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2001 BOSTON MARATHON

Lagat, Ndereba are set

They will defend titles at Boston Marathon

By Barbara Huebner, Globe Staff, 3/23/2001

lijah Lagat and Catherine Ndereba, both from Kenya, will return to defend their laurel wreaths in the 105th running of the Boston Marathon April 16.

Also in the elite field of 34 athletes from 12 countries announced yesterday by John Hancock Financial Services, major sponsor of the race, are Moses Tanui and Gezahegne Abera, setting the scene for a possible reprise of last year's thrilling finish in the men's race, when all three sprinted together down Boylston Street to the closest finish in Boston history.

''That would be great, wouldn't it?'' said Guy Morse, executive director of the Boston Athletic Association. ''I'm just very pleased with the field that John Hancock has once again assembled.''

Lagat and Abera were credited with the same time (2 hours 9 minutes 47 seconds), with two-time Boston champion Tanui, of Kenya, three seconds back.

Abera went on to Sydney, bringing home an Olympic gold medal for Ethiopia and being named the No. 1 marathoner in the world for 2000 by Track & Field News.

Tanui, the third-fastest marathoner in history with his 2:06:16 in Chicago two years ago, is the speediest man in the field.

In the women's race, Ndereba will be challenged by three-time Boston winner and 1996 Olympic gold medalist Fatuma Roba of Ethiopia and fellow Kenyan Lornah Kiplagat, whose gutsy front-running in last fall's Chicago Marathon helped spur Ndereba to victory in 2:21:33, making her the fourth-fastest woman in history. Kiplagat finished second in 2:22:36. They will be joined by Russia's Ludmila Petrova, winner of the New York City Marathon last fall.

Ndereba's win here last year was her first marathon victory, and she calls it the most important accomplishment in a spectacular career on the roads. It won't be easy to repeat, however. Kiplagat and Roba have both been running well this year, with Kiplagat setting a world's best at 20K (1:03:54) and Roba running a personal best 1:10:16 in a half-marathon.

Although there are no Americans in the women's elite field, the men's side features four: David Morris, whose 2:09:32 at Chicago in 1999 set an American record; Rod DeHaven, winner of the 2000 US Olympic Trials; Mark Coogan, an Attleboro native and member of the 1996 Olympic marathon team; and Josh Cox, 25, an up-and-comer who was the youngest runner in the men's marathon trials last year and whose 2:13:55 later in Chicago was a personal best by more than six minutes.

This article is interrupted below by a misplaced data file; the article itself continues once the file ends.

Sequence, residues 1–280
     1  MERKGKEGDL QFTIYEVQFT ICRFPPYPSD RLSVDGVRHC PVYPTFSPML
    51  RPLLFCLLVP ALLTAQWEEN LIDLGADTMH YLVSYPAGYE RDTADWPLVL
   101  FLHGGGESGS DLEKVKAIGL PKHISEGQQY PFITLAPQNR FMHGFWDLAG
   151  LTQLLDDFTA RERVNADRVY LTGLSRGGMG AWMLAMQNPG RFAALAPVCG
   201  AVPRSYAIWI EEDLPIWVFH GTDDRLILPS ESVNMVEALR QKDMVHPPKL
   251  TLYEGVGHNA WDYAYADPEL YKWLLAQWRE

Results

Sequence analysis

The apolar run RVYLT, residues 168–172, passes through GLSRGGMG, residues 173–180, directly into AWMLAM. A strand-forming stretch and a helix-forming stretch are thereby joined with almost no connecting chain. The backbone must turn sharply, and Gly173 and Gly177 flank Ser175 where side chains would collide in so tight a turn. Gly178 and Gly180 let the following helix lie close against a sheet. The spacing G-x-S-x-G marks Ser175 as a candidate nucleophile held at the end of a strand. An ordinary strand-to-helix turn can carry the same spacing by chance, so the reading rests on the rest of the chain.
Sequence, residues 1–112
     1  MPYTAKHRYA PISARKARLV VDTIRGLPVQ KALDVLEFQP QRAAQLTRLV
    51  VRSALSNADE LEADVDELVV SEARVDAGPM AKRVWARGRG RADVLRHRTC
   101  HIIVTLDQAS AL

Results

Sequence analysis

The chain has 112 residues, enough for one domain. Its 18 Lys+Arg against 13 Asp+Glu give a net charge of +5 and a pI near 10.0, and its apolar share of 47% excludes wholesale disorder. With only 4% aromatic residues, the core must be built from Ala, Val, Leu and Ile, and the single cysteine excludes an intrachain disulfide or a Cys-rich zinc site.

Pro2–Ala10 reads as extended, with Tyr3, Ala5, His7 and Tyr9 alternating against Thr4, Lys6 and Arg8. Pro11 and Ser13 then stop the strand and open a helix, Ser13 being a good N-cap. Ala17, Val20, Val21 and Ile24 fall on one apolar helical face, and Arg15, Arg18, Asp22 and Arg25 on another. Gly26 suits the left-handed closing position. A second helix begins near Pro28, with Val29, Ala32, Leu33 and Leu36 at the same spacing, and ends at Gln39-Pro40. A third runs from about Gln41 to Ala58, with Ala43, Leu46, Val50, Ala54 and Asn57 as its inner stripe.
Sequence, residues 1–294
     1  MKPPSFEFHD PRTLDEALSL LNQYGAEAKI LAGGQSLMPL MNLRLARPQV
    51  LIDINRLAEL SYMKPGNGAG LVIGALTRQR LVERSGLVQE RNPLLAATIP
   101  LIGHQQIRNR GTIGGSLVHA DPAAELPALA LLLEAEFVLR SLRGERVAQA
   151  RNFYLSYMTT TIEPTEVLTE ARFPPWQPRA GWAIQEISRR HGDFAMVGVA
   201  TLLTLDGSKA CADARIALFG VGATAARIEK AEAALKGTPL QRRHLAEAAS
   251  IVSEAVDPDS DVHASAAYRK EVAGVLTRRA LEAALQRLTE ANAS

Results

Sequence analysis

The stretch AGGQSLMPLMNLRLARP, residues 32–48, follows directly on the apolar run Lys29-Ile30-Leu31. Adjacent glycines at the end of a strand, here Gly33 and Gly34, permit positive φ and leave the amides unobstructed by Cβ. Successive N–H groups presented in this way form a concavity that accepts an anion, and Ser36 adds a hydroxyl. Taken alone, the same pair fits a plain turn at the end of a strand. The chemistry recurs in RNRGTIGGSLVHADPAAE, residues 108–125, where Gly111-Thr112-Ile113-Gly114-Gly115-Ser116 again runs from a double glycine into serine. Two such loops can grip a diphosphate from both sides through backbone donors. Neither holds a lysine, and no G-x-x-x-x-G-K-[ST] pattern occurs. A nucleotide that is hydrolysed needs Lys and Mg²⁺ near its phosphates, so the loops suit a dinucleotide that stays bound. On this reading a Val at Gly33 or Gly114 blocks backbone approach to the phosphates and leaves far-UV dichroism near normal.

''It's very encouraging to see that these [American] athletes are choosing to compete here, with and against the world's best,'' said Morse.

Others among the top elites include:

Bong-Ju Lee, Korea: Silver medalist in 1996 Olympics, Korean national record-holder, 11th (2:09:57) in his only Boston appearance, 1994.

Peter Githuka, Kenya: World record-holder at 8K; twice ranked the No. 2 road racer of the year by Runner's World magazine; sixth (2:14:03) here in 1999.

Shem Kororia, Kenya: Won 1997 World Half-Marathon Championships in 59:56, outkicking Tanui. Boston debut.

Silvio Guerra, Ecuador: National record-holder in the marathon, 10K, and 5K; 14th in 2000 Olympics; second (2:10:19) in Boston in 1999.

Nicole Carroll, Australia: Second-fastest Australian woman marathoner of all time, behind Lisa (Martin) Ondieki; former Australian record-holder at 50K; won Paris Marathon in 1998. Boston debut.

Lyubov Morgunova, Russia: Ran three marathons last year, finishing eighth in London (2:26:33) and 23d at the Olympics (2:32:35) before smashing the Honolulu course record by more than two minutes to win in 2:28:33. Boston debut.

  MEN'S ELITE FIELD (as of March 23)
Moses Tanui Kenya 2:06:16 Chicago, 1999
Bong-Ju Lee Korea 2:07:20 Toyko, 2000
Elijah Lagat Kenya 2:07:41 Berlin, 1997
Gezahegne Abera Ethiopia 2:07:54 Fukuoka, 1999
Peter Githuka Kenya 2:08:02 Chicago, 2000
Shem Kororia Kenya 2:09:32 New York, 1999
David Morris US 2:09:32 Chicago, 1999
Silvio Guerra Ecuador 2:09:49 Chicago, 1997
David Kiptum Busienei Kenya 2:10:38 Amsterdam, 200
Makhosonke Fika South Africa 2:10:39 Paris, 1999
Laban Nkete South Africa 2:12:30 Boston, 2000
Motsehi Moeketsana South Africa 2:12:47 Berlin, 2000
Rod DeHaven US 2:13:02 Chicago, 1998
Mark Coogan US 2:13:05 Charlotte, 1996
Bruce Deacon Canada 2:13:35 London, 1994
Roderic de Highden Australia 2:13:53 Fukuoka, 1999
John Cox US 3:13:55 Chicago, 2000
Je-Kyung Kim Korea 2:13:57 Chunchon, 2000
Abebe Gezahegne Yimer Ethiopia 2:17:40 Addis Ababa, 2000
(2,400m altitude)
Simon Mpholo South Africa DNF Boston, 2000
Joshua Chelanga Kenya Debut
Timothy Cherigat Kenya Debut  
  
  WOMEN'S ELITE FIELD (as of March 23)
Catherine Ndereba Kenya 2:21:33 Chicago, 2000
Lornah Kiplagat Kenya 2:22:36 Chicago, 2000
Fatuma Roba Ethiopia 2:23:21 Boston, 1998
Ludmilla Petrova Russia 2:25:45 New York, 2000
Nicole Carroll Australia 2:25:52 London, 1999
Lyubov Morgunova Russia 2:26:33 London, 2000
Wei Yanan China 2:26:34 Beijing, 2000
Zhang Shujing China 2:27:14 Berlin, 2000
Malgorzata Sobanska Poland 2:27:30 Berlin, 1999
Irina Timofeyeva Russia 2:27:46 Paris. 1999
Ruth Jepkoech Kutol Kenya 2:28:16 Venice, 2000
Bruna Genovese Italy 2:31:06 Venice, 1999

This story ran on page E10 of the Boston Globe on 3/23/2001.
© Copyright 2001 Globe Newspaper Company.


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